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(Credit: Nick Cave)


The mammoth influence of Mark E Smith on Nick Cave


The 1980s is gathering gaudy momentum, synths seem to be taking over the entire world like a proto-Daft Punk version of Terminator. One brave anti-hero sits in the corner of some Salford spit and sawdust pub. Although on the surface he appears to be simply getting quietly bladdered by himself until he achieves peak misanthropissed status, he is actually about to rise up, grab the music industry by the lapels and rattled it about like a Skoda going over a cattle-grid, tearing down the icons of all the filthy Bolshevist and backstabbing bastards that he perceives to be in his way. He is Mark E Smith, part genius, part maniac who helmed The Fall like a warlord as they continued to march inward from the far reaches of culture. 

Since snarling out of school pants and terrorising the neighbourhood like a particularly bothersome wasp at a Cider festival, he slashed through the norm like some demented daemon of the demimonde, whipping up a cyclonic barrage of hellfire. As he staggered along, he swept up a legion of devoted fans (all fifty thousand of them) in this maelstrom. As it happens, among that clutch of devotees was a few weird Australian’s who had traded Bondi tans for the complexion of Alaskan Vampires. 

Cave and his Birthday Party cohorts saw Smith as one of the few artists, if you call him that, who stood out from the cesspit of snarling punks as a rock star who truly didn’t care what anybody thought. However, he did care about his own music and with unique lyrics akin to Vladimir Nabokov prose etched into the back of a toilet door in a flat roof pub, and a sound as jarring as a daft pigeon scraping his beak on a window, yet rhythmic in its own weird way, he stirred the inspiration pot of The Birthday Party like almost nobody else.

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At the time, Cave stood on the precipice of artistic uncertainty, The Birthday party came slithering out of the Australian outback into the glare of the wider world in a benevolent storm of adrenalised chaos. They were as perfunctory an incendiary attack on the mainstream as a Molotov cocktail hurled at the riot police.

Soon, however, that head spin was out of control and the precipice loomed larger for Cave than ever before. When they moved to London they were greeted as junkie pariahs that only The Fall and The Pop Group were bold enough to mingle with them. “We were very isolated in London,” Nick Cave tells ZDF.

Adding: “We were friends with The Fall, and we were friends with The Pop Group, and these were great English bands and, particularly at that time, they were the saviours of the music scene because there was so much shit that was happening at that time. Terrible, boring kind of stuff. And Mark Smith’s lyric writing was just incredible, so they had a huge impact, but we weren’t involved in a scene we just knew them.”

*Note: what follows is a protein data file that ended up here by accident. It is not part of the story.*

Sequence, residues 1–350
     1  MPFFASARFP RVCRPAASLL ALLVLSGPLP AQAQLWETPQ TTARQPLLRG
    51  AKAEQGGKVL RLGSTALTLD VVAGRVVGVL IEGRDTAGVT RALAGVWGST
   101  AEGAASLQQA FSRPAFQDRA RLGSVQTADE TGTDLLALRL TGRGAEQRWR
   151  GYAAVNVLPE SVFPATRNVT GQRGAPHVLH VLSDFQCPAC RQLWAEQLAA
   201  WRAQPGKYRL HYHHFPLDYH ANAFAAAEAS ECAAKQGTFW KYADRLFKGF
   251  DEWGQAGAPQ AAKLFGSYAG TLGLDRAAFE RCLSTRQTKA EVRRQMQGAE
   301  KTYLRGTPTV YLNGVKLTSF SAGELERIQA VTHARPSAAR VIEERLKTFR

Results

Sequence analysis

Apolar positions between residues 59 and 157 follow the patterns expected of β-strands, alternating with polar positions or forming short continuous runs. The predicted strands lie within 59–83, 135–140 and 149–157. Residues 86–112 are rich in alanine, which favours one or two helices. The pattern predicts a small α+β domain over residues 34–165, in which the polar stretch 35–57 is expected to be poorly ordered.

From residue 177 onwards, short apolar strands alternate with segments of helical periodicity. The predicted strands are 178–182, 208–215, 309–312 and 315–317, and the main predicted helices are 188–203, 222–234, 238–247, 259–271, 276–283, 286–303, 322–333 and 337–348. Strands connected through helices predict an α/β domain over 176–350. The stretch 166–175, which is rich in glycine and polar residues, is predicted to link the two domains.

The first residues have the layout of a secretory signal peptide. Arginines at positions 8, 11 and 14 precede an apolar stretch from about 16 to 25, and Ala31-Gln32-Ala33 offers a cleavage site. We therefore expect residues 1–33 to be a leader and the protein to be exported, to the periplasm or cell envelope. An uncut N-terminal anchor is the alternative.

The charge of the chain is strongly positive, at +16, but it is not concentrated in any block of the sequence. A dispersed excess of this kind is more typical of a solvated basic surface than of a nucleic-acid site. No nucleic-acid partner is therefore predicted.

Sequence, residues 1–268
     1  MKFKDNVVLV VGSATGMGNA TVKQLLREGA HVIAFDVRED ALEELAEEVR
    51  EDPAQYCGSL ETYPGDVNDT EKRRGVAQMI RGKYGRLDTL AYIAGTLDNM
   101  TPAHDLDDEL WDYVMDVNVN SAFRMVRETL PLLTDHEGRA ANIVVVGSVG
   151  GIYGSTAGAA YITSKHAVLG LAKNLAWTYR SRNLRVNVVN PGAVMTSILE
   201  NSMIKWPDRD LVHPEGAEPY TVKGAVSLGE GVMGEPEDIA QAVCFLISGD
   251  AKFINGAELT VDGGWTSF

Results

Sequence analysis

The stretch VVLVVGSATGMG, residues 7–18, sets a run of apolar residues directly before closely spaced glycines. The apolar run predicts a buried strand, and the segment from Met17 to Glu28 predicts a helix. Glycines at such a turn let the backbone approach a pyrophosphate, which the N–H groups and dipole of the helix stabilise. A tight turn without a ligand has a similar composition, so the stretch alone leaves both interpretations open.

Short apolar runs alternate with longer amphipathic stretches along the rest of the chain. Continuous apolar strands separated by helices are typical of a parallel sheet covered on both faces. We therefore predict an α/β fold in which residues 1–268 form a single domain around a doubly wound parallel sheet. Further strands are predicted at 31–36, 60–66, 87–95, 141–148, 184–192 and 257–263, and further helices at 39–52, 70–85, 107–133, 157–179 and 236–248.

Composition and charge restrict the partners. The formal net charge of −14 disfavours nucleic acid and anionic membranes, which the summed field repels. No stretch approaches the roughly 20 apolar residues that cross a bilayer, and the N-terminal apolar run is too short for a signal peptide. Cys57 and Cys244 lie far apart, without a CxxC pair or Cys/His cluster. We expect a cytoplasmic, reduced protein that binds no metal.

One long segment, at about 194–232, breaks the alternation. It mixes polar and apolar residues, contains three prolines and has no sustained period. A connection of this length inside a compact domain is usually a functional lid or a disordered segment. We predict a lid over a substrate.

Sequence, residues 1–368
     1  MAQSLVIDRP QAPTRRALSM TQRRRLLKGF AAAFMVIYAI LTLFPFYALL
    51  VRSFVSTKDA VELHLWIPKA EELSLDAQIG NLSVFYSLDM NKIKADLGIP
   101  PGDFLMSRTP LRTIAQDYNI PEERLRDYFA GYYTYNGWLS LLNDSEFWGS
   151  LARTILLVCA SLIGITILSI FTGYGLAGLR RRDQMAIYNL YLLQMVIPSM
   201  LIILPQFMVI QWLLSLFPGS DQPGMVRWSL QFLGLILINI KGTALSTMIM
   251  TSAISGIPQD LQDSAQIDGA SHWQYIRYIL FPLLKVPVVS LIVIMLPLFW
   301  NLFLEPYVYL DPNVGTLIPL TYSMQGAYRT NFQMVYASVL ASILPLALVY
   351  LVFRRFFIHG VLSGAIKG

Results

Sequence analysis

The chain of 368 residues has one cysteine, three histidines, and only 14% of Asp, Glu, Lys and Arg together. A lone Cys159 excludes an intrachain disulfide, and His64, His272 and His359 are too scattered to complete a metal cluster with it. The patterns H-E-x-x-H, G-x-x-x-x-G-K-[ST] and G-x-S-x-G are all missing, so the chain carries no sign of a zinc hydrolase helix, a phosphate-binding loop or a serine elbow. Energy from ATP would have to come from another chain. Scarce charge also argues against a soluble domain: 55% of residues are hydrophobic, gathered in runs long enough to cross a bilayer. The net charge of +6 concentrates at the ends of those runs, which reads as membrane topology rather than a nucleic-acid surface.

In many ways, this inspiration came at the most vital moment for Cave. Mark E Smith’s singular lyricism proved to be a beacon that shone through the murk of creative obscurity that followed the demise of The Birthday Party and loured Cave back into the beam of the creative boon that songwriting has evidently become for him since. Cave would later remark that Smith helped him to feel comfortable with chasing his bolted muse no matter which weird territory it wandered to. “I think we tended to create some kind of area where we can work without particularly having to worry about what’s fashionable.”

Later, when Smith, Cave and the Shane MacGowan came together to complete the triumvirate of rock’s vicious outlaw virtuosi, Cave laughed: “So, the NME thinks we’re the last three heroes of rock ‘n’ roll, do they?” To which McGowan said, or rather spat, “Smarmy fuckers,” adding, “What they actually mean is that we’re the three biggest brain-damaged cases in rock ‘n’ roll.” To which Smith chimed in, “Apart from Nick, Nick’s cleaned up.” Cave agreed, “Yeah, my brains restored itself.”

Indeed it had, and his latest tour of spiritual deliverance is testimony to that. However, without Smith, he might not be in the arts at all. The spirit of The Fall still evidently lingers in the welter of Cave’s songwriting but more so than that, Smith proved to be perhaps the weirdest big brother figure in music when Cave was initially struggling to make headway. This is something Cave has been eternally grateful for even if Smith did think their friendship was through after his invite to perform alongside his heroes at the Cave curated 1999 Meltdown Festival was lost in his own letterbox.